The district court found that when the City decree was entered in 1981 there were 453 firefighters in the BFRS, 42 of whom were black. Bennett, 806 F.Supp. at 930 n. 6. There were also 94 lieutenants, 31 captains, and 15 battalion chiefs, none of whom were black. Id. Further, the district court had already found that tests administered by the Board for entry-level City jobs in both the police and fire departments were invalid under Title VII because they had a significant adverse impact on blacks and were not sufficiently job related. Id. at 929 (citing Ensley Branch, NAACP v. Seibels, 616 F.2d 812 (5th Cir.), cert. denied, 449 U.S. 1061, 101 S.Ct. 783, 66 L.Ed.2d 603 (1980)). The district court found that, against this background, coupled with the advice of counsel that the likelihood of victory in the pending litigation was poor, the City was justified in adopting an affirmative action plan. The parties do not dispute these findings, and we do not hold them to be clearly erroneous.


While the Court in Croson criticized the findings made there for only supporting amorphous and generalized claims of societal discrimination, 488 U.S. at 498, 109 S.Ct. at 724, the findings by the district court here demonstrate that the City had strong evidence before it to believe it had engaged in past racial discrimination when it entered the consent decree. The City was aware that the district court had disapproved the hiring tests used by the Board because they had an adverse impact on blacks. The City knew, through counsel, that voluminous evidence attacking other employment tests and selection procedures had been introduced in pending litigation and was advised by counsel that settlement would be a preferred alternative to another adverse decision. The City also knew of the gross statistical disparity between the number of blacks it employed as firefighters and as officers in the BFRS. Given these facts as determined by the district court, the City was justified in implementing an affirmative action plan that provided for the use of race as a remedy for past discrimination. Therefore, the City's affirmative action plan satisfies the first element of the two-part test established in Johnson. We next consider whether the specific provisions of the City decree provide a proper remedy to address the identified imbalances in traditionally segregated job categories.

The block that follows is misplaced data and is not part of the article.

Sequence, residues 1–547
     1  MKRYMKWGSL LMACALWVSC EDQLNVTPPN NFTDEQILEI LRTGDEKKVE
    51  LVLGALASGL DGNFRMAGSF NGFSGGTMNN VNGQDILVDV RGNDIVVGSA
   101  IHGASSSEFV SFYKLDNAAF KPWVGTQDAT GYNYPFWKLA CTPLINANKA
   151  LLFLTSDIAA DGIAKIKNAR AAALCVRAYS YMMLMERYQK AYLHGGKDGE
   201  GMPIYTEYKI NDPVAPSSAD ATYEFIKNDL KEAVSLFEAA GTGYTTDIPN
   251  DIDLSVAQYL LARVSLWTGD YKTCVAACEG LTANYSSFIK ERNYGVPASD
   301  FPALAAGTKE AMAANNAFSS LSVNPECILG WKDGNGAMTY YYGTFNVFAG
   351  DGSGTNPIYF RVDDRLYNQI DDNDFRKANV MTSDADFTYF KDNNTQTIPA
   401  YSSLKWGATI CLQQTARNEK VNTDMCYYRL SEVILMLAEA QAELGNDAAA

B. Remedy--Unnecessarily Trammeling Rights of Non-black Employees


This element of the Johnson test necessarily involves balancing the use of race to secure opportunities for blacks in traditionally segregated jobs against the impact of the plan on non-blacks. As we stated earlier, a proper remedy cannot unnecessarily trammel the rights of non-black employees or create an absolute bar to their advancement. Johnson, 480 U.S. at 637-638, 107 S.Ct. at 1455. On its face, the decree does not create an absolute bar to advancement for non-black employees because it sets aside a fixed percentage of promotions for blacks, leaving the remainder to be filled by all other employees. Our inquiry is thus confined to whether the decree provisions unnecessarily trammel the rights of the non-black employees who do not benefit from the plan.